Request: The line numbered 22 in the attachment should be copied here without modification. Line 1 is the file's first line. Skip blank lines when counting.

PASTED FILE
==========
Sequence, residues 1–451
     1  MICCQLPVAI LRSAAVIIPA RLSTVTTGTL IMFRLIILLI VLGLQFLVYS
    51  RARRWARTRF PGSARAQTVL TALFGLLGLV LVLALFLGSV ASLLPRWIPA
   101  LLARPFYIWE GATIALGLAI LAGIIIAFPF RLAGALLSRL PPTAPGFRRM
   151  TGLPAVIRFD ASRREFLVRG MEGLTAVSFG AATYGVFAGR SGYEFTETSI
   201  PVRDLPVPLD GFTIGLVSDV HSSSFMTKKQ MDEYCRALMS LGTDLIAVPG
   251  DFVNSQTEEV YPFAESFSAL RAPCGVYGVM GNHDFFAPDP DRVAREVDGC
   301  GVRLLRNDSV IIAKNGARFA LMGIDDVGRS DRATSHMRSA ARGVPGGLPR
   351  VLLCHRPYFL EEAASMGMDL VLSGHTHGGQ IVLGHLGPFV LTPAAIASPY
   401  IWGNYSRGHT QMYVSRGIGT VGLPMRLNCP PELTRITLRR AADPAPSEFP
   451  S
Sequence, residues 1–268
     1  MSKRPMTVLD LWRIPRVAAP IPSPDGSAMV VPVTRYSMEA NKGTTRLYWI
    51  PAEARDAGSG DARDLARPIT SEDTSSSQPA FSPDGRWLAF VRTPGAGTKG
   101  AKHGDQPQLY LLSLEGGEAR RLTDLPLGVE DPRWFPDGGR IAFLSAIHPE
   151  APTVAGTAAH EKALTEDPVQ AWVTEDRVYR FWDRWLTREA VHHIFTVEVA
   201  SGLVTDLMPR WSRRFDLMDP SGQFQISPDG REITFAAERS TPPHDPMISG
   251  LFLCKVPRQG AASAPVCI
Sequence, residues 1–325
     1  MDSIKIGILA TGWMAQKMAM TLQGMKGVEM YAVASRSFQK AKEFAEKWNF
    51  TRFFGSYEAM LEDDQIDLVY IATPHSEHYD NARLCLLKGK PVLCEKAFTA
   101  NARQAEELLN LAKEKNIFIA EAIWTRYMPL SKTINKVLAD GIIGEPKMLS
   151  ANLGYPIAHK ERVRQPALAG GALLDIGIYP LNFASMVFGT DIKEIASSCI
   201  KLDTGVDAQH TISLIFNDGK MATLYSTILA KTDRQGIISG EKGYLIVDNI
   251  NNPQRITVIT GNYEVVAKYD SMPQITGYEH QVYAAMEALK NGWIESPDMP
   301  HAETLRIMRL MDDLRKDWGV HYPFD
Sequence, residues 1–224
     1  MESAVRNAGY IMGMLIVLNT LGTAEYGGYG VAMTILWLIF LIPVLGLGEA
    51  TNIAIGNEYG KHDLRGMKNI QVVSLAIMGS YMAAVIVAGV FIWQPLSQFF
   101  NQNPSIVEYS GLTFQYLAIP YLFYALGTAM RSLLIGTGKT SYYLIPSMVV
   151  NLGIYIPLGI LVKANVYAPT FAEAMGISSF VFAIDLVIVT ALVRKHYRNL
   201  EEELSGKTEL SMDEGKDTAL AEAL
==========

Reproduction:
   101  NARQAEELLN LAKEKNIFIA EAIWTRYMPL SKTINKVLAD GIIGEPKMLS